Maurice Vincent Wilkes



Maurice Vincent Wilkes was born on June 26, 1913 the son of Vincent J. Wilkes in Dudley, Staffordshire, England. Wilkes's mother is not mentioned by name, but Wilkes does say she was a typist.  Wilkes suffered from asthma as a child.  The family relocated to Stourbridge for his mother's health.  Wilkes graduated from King Edward VI Grammar School in Stourbridge in 1931 and began studies at St. John's College, Cambridge.  In 1934 Wilkes graduated with honors in mathematics.  He used a research grant from the department of scientific and industrial research to study long radio waves in the Cavendish Laboratories at Cambridge.  In 1936 he received  Ph.D. for his work with long radio waves.  In 1937, he accepted a junior faculty position at Cambridge, where he was to work in the newly approved 
"Mathematical Laboratory" which was to be a computer lab for mathematics.  From 1939 to 1945 Wilkes worked on radar for the war effort.  When he returned to Cambridge in 1945 it was a head of the mathematical laboratory.  Wilkes read von Neumann's "First Draft" report on EDVAC and attended the Moore School Summer Institute on "Theory and Techniques for Design of Electronic Digital Computers."   From his return to Cambridge in 1946 until 1949, Wilkes and the mathematical laboratory worked to build EDSAC, a stored program computer.  EDSAC's first successful operations occurred on May 6, 1949.  During this period (1947) Wilkes married Nina Twyman.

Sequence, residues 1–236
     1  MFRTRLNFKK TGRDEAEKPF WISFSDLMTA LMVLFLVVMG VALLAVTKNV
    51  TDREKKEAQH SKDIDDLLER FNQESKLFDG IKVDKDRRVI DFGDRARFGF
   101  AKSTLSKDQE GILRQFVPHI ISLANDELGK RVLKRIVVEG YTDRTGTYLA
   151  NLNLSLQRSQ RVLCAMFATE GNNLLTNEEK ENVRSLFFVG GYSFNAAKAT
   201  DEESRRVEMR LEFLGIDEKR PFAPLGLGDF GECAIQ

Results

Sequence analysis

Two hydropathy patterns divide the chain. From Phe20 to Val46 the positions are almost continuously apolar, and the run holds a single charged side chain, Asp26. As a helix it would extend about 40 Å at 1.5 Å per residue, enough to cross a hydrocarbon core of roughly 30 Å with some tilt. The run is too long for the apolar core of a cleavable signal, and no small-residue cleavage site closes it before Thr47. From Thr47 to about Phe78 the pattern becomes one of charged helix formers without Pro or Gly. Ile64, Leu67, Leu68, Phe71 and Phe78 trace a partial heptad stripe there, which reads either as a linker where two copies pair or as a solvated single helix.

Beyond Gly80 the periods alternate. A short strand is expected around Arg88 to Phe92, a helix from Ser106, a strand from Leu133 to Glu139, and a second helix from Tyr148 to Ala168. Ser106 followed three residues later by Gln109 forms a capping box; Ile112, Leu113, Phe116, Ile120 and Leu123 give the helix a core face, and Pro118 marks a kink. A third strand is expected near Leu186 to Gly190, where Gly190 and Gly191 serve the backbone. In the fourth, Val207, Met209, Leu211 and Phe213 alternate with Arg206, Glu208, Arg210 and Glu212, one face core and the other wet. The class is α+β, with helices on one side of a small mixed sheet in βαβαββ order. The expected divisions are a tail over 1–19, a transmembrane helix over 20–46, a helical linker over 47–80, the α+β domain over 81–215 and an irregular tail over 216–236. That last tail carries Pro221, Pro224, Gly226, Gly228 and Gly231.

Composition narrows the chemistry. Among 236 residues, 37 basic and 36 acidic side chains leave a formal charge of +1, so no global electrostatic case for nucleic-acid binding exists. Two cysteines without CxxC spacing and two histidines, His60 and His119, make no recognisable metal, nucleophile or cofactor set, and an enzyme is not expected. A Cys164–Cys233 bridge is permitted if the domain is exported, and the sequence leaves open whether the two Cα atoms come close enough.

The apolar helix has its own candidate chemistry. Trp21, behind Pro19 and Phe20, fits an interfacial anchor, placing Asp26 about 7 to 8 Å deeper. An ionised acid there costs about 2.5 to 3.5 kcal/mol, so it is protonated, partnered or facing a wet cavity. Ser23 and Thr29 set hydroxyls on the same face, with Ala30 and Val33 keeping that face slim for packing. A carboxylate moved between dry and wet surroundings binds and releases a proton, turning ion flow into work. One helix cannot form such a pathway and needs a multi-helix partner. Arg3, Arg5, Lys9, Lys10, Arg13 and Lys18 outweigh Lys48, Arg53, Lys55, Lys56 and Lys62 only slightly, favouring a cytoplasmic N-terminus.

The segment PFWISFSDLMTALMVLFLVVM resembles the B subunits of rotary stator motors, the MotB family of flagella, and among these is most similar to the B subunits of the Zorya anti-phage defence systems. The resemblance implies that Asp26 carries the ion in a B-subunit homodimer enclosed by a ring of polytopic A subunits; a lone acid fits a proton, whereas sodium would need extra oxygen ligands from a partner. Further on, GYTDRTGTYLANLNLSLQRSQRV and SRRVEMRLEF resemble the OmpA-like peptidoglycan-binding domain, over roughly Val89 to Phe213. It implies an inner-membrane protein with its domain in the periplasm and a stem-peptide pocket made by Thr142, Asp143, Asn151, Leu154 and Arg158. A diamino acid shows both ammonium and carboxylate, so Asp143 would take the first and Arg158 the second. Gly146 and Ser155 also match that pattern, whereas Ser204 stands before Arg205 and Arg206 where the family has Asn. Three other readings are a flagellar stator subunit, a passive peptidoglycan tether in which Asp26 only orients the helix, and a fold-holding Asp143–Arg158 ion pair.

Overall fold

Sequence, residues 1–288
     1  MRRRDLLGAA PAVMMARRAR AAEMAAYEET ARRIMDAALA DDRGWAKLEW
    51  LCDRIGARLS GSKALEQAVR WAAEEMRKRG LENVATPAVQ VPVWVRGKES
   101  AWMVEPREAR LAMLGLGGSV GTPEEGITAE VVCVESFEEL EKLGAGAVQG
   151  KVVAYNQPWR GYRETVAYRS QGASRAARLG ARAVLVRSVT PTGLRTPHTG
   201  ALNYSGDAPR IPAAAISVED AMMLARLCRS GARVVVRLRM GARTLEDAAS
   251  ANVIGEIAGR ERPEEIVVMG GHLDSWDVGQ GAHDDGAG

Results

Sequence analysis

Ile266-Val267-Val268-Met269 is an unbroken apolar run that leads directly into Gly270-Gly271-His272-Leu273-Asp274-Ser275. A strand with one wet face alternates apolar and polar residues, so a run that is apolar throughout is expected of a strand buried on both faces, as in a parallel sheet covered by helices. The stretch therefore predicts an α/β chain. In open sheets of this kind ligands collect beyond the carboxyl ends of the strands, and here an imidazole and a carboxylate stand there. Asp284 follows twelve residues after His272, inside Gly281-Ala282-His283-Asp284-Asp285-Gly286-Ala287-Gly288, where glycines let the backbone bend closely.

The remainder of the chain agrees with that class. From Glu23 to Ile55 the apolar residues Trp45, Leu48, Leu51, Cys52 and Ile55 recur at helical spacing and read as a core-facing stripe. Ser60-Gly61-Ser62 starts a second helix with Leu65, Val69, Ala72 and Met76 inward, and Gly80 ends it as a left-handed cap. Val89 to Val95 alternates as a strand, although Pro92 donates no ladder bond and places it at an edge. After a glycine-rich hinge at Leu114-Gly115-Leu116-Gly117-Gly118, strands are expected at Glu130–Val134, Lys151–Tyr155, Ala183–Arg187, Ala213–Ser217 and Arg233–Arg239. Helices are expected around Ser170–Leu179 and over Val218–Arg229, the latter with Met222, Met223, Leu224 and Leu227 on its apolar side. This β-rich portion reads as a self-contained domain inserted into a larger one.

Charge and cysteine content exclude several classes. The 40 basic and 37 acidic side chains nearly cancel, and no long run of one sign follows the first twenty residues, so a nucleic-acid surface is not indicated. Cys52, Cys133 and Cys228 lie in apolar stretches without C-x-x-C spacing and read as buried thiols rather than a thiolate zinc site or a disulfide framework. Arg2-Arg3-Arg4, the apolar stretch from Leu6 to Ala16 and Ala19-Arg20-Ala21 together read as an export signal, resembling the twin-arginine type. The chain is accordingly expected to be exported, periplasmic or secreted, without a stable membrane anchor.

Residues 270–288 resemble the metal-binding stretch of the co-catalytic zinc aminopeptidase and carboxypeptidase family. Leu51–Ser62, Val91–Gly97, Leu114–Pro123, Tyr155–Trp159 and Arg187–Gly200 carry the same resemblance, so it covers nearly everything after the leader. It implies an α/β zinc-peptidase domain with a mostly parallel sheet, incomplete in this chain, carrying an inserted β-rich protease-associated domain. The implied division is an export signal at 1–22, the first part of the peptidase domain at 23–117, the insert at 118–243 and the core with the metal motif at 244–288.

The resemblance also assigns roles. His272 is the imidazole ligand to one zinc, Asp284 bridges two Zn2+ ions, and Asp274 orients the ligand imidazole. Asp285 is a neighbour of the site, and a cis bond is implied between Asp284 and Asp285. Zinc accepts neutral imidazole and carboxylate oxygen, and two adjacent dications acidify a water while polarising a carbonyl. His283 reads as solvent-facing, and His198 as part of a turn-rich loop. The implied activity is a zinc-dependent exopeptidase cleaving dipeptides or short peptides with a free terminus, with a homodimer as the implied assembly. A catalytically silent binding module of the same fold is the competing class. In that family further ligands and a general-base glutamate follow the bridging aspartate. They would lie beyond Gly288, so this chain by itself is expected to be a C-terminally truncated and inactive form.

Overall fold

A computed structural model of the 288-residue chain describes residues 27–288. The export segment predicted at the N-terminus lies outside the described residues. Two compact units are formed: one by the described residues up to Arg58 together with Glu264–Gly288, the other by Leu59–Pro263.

Wilkes and his lab next built EDSAC 2, which they completed in1958.   EDSAC 2 introduced the innovation of microprograming.  Wilkes retired from Cambridge and as head of the Mathematical Laboratory in 1980. He joined Digital Equipment Corporation fro 1980 to1986. In 1986 he became Member for Research Strategy on the Olivetti Research Board. In 1993 Cambridge honored Wilkes with a Doctor of Science degree. 



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